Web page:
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|Cornelius O'Brien of Birchfield (1782 - 1857) by Henry Comber|
Beaghy demesne, anglicised to Birchfield, is associated mainly with the McDonough and O’Brien families. An examination of documents in the Registry of deeds, Henrietta St., shows that the property passed through many hands, but the interpretation of these complicated agreements calls for a high degree of legal and historical expertise and it is difficult to distinguish between owners, occupiers, mortgagees etc.
The estate is first mentioned in an inquisition of 1625 as the property of Thomas O’Cahill whose family name is preserved in the neighbouring townland of Caherycahill. Thomas died in 1621 leaving as his heir Donough O’Cahill. In 1628 Cormack O’Cahill mortgaged his lands to Daniel O’Brien of Dough. About 1655 Beaghy was granted to William Hamilton under the Act of Settlement and appears to have been sub-let by Hamilton to Craven McDonough in 1676. Craven was one of five sons of Daniel McDonough, who was granted Ballykeal, Kilfenora under the Act of Settlement.
In 1715, Major General Augustus Hamilton of Tullymore, Co. Down, sold Beaghy to Brigadier Francis Gore of Clonroad. Gore mortgaged the estate to Rev. Robt. Curtis and in 1748 Robert Curtis and Francis Gore sold Beaghy, the mansion of Castletown and the lands of Clonroad to John Purdon for £13,000. The same year, John Purdon sold Beaghy to John Stacpoole of Cragbrien.
Presumably the McDonough family were in occupation all this time, for in 1748, John Stackpoole granted a thirty-one year lease of Ballyvrislane, Beaghy, Lislarkin etc. to Nicholas McDonough, son of Craven. Nicholas was brother of Capt. Anthony McDonough of Irish Brigade fame. He is commemorated in Kilmacrehy cemetery by the inscription:-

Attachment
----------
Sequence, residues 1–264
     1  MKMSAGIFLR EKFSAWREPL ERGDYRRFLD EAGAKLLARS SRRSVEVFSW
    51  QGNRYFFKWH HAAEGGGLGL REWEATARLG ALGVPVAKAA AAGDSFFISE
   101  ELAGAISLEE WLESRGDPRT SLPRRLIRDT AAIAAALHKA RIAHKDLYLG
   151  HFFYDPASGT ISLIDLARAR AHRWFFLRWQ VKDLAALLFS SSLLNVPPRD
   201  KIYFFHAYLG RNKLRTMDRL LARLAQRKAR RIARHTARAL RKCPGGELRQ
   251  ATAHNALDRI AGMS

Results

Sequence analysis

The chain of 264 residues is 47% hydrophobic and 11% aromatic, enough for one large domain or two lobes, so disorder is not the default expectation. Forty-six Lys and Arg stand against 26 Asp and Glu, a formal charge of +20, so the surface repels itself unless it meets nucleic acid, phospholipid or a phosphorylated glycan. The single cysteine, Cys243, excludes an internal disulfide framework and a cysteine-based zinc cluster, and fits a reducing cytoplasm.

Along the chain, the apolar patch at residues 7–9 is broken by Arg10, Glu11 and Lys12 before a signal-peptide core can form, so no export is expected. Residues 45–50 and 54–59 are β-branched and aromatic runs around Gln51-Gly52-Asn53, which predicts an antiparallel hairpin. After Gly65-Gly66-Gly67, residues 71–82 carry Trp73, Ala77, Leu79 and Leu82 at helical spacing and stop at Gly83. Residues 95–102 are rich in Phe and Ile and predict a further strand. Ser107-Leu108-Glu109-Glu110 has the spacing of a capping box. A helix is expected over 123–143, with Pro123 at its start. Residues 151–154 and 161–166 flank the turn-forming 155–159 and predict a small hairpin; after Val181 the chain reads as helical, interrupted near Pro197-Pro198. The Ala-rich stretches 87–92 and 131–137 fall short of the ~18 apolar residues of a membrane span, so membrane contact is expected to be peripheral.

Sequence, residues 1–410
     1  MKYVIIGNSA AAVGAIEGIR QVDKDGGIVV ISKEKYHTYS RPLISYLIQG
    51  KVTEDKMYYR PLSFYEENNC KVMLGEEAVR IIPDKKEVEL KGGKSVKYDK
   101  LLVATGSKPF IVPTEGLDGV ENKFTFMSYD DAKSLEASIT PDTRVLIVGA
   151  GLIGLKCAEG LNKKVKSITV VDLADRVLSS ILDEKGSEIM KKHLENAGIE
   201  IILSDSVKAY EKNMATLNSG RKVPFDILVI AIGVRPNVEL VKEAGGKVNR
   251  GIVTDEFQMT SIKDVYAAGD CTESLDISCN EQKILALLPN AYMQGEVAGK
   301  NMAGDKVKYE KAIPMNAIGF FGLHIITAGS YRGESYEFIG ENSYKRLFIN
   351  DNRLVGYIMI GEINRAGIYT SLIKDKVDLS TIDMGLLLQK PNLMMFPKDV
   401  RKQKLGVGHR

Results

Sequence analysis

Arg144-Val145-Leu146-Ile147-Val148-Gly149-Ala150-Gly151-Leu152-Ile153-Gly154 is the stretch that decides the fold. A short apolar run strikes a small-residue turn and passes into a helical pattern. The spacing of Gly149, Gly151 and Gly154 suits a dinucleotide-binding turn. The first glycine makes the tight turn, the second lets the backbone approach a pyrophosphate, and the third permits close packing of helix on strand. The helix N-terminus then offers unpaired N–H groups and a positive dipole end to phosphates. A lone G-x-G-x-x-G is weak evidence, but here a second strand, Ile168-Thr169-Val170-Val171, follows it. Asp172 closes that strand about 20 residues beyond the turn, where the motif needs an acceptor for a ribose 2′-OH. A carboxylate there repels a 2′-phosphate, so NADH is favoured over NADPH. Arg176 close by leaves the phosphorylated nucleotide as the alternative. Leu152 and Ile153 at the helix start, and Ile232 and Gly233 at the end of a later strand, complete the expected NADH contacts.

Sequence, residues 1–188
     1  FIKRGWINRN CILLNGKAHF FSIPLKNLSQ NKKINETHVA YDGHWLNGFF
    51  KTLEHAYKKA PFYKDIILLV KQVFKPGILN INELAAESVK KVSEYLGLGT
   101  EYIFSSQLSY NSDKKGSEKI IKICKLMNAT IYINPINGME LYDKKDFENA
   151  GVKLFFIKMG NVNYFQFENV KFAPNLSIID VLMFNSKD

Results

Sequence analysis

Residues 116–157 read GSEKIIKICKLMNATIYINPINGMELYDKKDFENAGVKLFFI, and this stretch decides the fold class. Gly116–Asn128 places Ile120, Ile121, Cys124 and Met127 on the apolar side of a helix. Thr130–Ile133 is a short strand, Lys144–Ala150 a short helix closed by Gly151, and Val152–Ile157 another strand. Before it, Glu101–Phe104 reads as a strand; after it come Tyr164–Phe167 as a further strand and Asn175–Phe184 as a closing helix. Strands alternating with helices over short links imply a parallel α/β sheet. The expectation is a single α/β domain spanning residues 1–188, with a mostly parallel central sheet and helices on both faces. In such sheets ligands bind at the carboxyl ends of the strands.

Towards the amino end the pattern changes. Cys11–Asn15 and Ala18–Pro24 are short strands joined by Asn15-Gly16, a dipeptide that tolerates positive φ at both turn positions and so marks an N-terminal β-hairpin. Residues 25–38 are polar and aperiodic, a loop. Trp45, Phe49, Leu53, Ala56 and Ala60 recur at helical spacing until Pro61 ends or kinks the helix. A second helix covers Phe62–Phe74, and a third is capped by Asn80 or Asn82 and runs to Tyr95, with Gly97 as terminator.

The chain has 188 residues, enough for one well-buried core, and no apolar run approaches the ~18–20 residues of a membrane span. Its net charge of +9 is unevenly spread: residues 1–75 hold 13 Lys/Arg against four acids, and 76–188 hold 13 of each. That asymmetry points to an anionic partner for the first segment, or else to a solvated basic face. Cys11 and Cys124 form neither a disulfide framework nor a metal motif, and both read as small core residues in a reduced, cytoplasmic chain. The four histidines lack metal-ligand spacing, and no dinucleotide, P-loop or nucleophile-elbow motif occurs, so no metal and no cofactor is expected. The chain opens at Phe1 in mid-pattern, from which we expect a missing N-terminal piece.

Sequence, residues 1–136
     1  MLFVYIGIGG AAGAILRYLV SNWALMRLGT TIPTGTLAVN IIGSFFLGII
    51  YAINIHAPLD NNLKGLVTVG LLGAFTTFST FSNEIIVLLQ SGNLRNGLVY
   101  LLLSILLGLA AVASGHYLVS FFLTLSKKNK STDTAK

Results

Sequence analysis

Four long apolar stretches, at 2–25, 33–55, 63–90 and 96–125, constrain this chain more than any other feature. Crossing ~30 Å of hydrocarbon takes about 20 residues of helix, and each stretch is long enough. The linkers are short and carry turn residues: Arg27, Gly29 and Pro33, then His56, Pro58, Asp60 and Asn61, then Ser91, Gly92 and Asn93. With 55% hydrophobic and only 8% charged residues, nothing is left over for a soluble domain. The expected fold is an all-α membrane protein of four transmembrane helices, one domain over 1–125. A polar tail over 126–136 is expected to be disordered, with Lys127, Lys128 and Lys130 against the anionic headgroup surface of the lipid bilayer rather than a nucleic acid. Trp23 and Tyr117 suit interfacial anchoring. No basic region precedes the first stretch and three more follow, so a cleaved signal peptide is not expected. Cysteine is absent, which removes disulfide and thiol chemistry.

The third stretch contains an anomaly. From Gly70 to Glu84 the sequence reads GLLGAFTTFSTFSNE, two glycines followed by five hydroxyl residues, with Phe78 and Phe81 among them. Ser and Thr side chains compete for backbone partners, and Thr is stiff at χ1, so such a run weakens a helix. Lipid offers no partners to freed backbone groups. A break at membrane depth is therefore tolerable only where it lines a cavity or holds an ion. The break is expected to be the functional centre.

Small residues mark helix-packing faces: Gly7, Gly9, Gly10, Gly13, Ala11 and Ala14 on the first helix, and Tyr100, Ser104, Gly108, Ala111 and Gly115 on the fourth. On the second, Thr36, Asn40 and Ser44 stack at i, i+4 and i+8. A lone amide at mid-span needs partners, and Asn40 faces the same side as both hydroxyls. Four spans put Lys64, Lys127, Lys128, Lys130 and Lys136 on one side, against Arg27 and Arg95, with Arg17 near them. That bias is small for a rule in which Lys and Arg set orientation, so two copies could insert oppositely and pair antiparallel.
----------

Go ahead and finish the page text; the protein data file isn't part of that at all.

“Here resteth Nick, whose fame no age can blot,
1762:- John Stacpoole leased Birchfield to Henry O’Brien
for £178 rent.
From this date until his death, Cornelius seems to have been in full possession of the estate. Unfortunately, there are no details available of the building of the mansion of the extensive developments which must have taken place about this time. George, third son succeeded after his father’s death and when he died in 1867, the Birchfield property passed to Cornelius Keogh by his marriage to Mary O’Brien, youngest daughter. William McGrath came into possession of O’Brien’s Toonagh estate by marrying Bridget O’Brien in 1852.
Interior of ruined Birchfield House. The O'Brien coat
of arms is carved into the
keystone of the arch.